The Impact of Institutional Culture on Women Students in Hawaii
|Institution:||University of Southern California|
|Advisor(s):||Dr. Guilbert Hentschke; Dr. Melora Sundt; Dr. Felicia Hunt|
Women in Hawai`i graduate at slightly higher rates than men at three of the four major institutions of higher education in Hawai`i (Institute for Women's Policy Research The Status of Women in Hawaii 2006) as compared to up to seventy-three percent of men at these same Hawai'i institutions and compared to nearly eighty-five percent of women who enroll at women-only colleges.
With fewer than half of all enrolled women students at the four major Hawai`i institutions graduating, it is important to understand the possible influences that may contribute to this problem -- one of which is observable institutional culture. Considerable research on the influence of elements of institutional culture has been done at most major institutions of higher education in the continental United States. However, little research is available at the four major institutions of higher education in Hawai`i on this topic as it relates to women students.
This dissertation attempts to recognize and assist in understanding elements of institutional culture on women's graduation rates at four multicultural coeducational higher education institutions in Hawai`i.
A study of elements of observable institutional culture, which appeared to affect higher education attainment (i.e. artifacts, values, basic assumptions and beliefs), was conducted through a review of literature in the fields of institutional culture, and higher education attainment in Hawai`i. A review and document analysis of publicly available data, publications, existing research analysis and secondary data analysis from sources that yield statistical data was undertaken to identify and explore observable elements of institutional culture at four major institutions of higher education in Hawai`i that may be associated with women's graduation rates in Hawai`i.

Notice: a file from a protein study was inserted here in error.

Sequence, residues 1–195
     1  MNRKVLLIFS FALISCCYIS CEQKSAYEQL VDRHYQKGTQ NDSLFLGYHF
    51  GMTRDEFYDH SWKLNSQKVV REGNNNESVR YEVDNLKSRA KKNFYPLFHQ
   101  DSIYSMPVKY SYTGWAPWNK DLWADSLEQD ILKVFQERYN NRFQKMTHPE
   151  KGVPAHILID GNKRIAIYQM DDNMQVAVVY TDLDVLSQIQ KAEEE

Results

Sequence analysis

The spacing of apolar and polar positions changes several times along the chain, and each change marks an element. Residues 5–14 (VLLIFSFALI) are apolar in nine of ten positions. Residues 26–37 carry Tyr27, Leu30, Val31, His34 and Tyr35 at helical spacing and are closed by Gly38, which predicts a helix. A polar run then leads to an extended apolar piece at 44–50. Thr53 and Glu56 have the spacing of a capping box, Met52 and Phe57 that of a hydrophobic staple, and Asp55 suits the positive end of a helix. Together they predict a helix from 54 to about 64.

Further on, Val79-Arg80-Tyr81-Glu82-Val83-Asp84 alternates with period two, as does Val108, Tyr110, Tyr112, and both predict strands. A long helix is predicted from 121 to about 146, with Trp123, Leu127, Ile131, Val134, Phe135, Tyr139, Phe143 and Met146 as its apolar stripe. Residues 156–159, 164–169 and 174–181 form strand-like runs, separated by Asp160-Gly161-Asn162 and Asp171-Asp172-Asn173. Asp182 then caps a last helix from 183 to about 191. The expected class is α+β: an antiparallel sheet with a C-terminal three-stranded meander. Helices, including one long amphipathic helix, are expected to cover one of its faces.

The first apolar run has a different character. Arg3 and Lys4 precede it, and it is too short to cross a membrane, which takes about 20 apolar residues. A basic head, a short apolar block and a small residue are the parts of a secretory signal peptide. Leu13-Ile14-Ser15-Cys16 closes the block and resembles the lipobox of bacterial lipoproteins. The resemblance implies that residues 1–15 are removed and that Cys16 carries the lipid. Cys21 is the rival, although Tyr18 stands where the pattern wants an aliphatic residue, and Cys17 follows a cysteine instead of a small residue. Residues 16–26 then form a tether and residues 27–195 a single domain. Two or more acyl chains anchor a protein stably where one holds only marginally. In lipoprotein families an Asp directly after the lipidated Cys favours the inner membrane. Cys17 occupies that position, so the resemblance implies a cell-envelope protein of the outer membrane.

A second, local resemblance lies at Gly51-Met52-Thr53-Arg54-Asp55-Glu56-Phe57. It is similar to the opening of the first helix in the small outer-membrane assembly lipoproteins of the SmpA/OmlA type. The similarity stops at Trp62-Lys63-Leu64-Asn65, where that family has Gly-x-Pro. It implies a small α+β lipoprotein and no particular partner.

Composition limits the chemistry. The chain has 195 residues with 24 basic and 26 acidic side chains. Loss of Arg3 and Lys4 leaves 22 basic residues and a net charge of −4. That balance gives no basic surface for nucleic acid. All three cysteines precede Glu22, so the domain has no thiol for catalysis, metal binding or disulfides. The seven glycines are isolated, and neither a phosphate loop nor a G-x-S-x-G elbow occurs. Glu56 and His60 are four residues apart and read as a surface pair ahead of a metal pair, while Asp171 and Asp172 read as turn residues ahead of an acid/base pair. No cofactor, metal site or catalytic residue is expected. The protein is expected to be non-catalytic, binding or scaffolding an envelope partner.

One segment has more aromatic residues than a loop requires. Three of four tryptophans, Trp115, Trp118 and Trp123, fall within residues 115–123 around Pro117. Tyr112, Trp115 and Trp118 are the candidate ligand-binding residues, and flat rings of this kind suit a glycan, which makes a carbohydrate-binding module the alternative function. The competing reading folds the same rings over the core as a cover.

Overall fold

A constant comparative methodology was applied to the study to determine answers to the following questions:
1. Using document analysis, what is revealed about elements of institutional culture (i.e., artifacts, values, basic assumptions and beliefs) at the four major institutions of higher education in Hawai'i; University of Hawai'i - Manoa, Hawai'i Pacific University, Brigham Young University - Hawai'i, and Chaminade University of Honolulu?
2. More specifically, does document analysis hold any promise for revealing an association between elements of institutional culture at the four major institutions of higher education and women's graduation and retention rates?